This Christmas looked like it was going to pass without any cinematic holiday cheer. Luckily audiences will find a special gift at their local multiplexes from Preston A. Whitmore, a filmmaker whose latest picture comes wrapped up with so much holiday mush that it would be hard for even the biggest scrooge to scowl at its spirited Christmas message
It's the most wonderful time of the year again, and the Whitfield family plans to continue their holiday tradition of bringing the entire clan back home for a few days of presents, good eating and family squabbling. The only problem with This Christmas is that each of the children has brought more than just gifts. Absence without leave, surprise pregnancies, interracial relationships, cheating husbands and angry bookies are just a few of the surprises in store for the family's matriarch, Ma Dear, making it a Christmas that will either tear the Whitfield's apart or bring them closer than they've ever been before.
With This Christmas, Preston A. Whitmore successfully bounced back from his sophomore slump. The choice to "Crossover" into the holiday genre is a big move, though looking at the filmmaker's oeuvre, he seemingly defies categorization. Written with heart, This Christmas isn't just impressive for its well balanced drama and comedy. Its ability to transcend its targeted audience to become a holiday film that can be enjoyed by anyone who has ever experienced family dysfunction makes the picture a refreshing surprise.
With an all-star, African American cast including Delroy Lindo, Loretta Devine, Idris Elba and the lovely Sharon Leal, Screen Gems certainly seems to be pushing the racial factor when marketing This Christmas. While this strategy will probably draw in adequate box-office receipts (See Tyler Perry's success), This Christmas will draw the majority of its fans next Christmas when it finds a wider audience on DVD.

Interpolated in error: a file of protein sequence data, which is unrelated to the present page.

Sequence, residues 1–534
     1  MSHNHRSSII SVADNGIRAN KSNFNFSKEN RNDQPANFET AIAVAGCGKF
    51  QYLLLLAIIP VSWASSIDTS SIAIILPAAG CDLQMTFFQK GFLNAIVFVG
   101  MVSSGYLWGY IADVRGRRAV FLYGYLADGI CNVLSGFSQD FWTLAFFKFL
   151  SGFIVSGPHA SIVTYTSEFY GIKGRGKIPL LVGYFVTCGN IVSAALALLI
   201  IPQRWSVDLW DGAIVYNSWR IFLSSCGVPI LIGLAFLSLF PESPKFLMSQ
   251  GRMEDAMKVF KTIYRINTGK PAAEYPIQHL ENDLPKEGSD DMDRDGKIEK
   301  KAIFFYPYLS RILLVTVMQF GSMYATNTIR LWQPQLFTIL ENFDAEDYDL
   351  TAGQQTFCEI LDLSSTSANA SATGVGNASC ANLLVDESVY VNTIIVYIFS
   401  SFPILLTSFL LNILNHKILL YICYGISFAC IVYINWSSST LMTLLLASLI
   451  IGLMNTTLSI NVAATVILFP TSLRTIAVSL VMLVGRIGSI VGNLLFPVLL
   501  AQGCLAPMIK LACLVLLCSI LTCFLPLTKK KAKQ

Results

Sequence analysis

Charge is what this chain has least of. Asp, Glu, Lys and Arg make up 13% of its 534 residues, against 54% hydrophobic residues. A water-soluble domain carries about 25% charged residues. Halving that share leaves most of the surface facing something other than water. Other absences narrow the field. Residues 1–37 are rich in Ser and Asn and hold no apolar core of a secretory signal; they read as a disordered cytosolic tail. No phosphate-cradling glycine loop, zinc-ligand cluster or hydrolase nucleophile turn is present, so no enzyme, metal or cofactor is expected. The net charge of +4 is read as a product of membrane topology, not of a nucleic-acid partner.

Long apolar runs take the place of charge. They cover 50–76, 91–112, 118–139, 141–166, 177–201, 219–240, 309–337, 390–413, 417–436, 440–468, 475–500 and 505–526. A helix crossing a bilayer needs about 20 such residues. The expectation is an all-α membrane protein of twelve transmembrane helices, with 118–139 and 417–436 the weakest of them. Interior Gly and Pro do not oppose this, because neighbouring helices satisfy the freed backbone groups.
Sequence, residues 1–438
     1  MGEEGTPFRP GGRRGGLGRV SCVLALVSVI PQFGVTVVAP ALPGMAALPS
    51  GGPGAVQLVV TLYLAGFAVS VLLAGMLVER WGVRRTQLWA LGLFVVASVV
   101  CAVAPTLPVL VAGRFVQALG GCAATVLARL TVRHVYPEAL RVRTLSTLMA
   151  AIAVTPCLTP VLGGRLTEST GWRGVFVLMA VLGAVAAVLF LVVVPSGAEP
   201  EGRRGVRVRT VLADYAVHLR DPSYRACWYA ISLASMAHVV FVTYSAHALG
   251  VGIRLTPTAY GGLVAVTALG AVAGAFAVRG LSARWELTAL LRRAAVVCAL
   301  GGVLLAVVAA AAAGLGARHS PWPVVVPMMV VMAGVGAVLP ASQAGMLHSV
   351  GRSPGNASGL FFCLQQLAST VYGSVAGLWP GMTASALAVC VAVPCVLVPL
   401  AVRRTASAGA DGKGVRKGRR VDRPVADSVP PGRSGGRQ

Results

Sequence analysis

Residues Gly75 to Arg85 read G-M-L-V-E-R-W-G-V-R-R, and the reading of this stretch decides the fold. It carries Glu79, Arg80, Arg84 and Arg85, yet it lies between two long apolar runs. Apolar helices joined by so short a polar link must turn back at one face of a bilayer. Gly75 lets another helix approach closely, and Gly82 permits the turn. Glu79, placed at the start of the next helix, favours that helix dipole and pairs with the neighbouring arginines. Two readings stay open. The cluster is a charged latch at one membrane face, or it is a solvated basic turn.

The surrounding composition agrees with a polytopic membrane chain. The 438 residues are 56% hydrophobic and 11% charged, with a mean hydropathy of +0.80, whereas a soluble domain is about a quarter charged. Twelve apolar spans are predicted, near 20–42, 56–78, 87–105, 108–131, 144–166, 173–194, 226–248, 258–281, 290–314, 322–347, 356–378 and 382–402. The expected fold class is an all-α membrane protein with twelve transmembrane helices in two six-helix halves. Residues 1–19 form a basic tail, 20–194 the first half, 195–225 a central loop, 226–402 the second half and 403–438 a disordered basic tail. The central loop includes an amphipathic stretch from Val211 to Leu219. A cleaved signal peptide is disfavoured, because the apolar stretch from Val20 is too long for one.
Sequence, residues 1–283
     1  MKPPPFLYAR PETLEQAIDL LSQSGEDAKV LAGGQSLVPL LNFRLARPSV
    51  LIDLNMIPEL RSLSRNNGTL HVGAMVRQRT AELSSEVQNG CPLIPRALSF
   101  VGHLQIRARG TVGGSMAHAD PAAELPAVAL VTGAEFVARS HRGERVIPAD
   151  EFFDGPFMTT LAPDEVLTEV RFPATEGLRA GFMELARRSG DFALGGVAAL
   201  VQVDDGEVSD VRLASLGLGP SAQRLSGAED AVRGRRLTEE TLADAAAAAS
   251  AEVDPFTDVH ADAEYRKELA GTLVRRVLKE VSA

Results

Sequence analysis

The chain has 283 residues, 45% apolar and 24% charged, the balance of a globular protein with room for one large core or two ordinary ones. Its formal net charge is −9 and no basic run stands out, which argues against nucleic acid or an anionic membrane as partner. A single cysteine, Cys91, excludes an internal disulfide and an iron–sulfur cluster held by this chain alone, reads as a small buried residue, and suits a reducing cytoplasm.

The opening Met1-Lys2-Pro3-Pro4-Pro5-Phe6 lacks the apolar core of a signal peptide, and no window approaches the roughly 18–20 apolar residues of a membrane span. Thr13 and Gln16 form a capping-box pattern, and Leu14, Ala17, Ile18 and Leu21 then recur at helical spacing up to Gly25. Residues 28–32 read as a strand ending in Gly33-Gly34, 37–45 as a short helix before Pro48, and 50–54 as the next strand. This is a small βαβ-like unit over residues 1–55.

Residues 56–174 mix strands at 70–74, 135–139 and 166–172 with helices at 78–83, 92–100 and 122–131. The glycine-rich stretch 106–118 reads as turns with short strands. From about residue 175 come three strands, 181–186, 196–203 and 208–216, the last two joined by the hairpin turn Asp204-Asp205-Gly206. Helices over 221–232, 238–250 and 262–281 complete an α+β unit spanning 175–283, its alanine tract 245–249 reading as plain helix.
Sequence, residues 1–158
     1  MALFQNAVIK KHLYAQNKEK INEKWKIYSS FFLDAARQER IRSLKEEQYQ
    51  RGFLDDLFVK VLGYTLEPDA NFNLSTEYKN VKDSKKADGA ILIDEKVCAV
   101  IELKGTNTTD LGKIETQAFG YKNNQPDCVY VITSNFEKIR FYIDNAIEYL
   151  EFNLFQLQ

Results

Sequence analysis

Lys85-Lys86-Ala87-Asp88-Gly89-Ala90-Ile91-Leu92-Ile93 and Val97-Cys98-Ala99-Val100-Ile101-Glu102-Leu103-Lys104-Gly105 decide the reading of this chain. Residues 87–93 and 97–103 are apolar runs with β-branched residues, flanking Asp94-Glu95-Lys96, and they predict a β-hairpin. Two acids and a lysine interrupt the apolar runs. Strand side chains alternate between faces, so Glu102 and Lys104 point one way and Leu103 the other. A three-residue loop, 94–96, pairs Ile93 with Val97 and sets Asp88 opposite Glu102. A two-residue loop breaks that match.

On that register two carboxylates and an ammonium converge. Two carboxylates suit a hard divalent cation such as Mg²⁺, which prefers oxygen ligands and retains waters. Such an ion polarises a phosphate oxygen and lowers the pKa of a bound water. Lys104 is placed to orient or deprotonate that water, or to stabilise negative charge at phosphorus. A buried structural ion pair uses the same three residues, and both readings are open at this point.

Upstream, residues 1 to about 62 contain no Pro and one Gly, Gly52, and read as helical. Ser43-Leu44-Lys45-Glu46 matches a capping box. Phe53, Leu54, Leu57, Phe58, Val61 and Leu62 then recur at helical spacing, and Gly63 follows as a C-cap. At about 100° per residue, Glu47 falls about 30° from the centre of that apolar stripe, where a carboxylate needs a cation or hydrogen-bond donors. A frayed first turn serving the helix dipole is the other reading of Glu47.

Though many of the family's problems translate to touching and humorous bits of cinema, This Christmas ultimately suffers from one fatal flaw, too much conflict and no easy way out of it. There is so much going on, that the tidiest and most satisfying conclusion seems far too difficult to reach. It also seems that the character of Joe, played by Delroy Lindo, has the answers to everything. Able to pacify everyone from street thugs to the U.S. government in a single night, Joe gives Santa Claus a run for his money on this Christmas Eve.
However plausibility isn't the strong suit of the Whitfield family. There are plenty of nit-picky details audiences will pick up on that could easily take them out of the narrative. While viewers might scoff at bits such as buying the picture-perfect Christmas tree on Christmas Eve, the performances from the actors, tight editing and gorgeous cinematography will help get you through This Christmas.
If filmmakers should write what they know, then Preston A. Whitmore certainly knows Christmas and family far better than war or basketball. A solid holiday outing sure to please any audiences that comes across the film, Whitmore's well executed dramady should resonate far longer than This Christmas.